Personal bankruptcies in the United States have increased dramatically,
rising from 1.4 per thousand working age adults in 1970 to
8.5 in 2002. We use a heterogeneous agent life-cycle model with
competitive lenders to evaluate several commonly offered explanations.
We find that increased uncertainty (income shocks, expense
uncertainty) cannot account quantitatively for the rise in bankruptcies.
Instead, the rise in filings appears mainly to reflect changes in
the credit market environment: a decrease in the transaction cost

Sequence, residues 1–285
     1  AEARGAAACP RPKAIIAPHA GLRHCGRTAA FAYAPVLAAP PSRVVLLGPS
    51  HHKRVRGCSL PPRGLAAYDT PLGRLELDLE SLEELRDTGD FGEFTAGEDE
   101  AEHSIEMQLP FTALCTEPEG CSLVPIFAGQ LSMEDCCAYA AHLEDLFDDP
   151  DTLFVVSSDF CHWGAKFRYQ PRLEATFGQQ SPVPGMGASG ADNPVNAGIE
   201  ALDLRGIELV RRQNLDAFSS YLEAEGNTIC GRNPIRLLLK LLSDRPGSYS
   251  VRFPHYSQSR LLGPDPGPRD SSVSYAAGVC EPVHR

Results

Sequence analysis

of lending and in the cost of bankruptcy. We also argue that the
abolition of usury laws and other legal changes were unimportant.
(JEL D14, E44, G21, G28)
"Accounting for the Rise in Consumer Bankruptcies."
American Economic Journal: Macroeconomics,
Financial Markets and the Macroeconomy
Banks; Other Depository Institutions; Micro Finance Institutions; Mortgages
Financial Institutions and Services: Government Policy and Regulation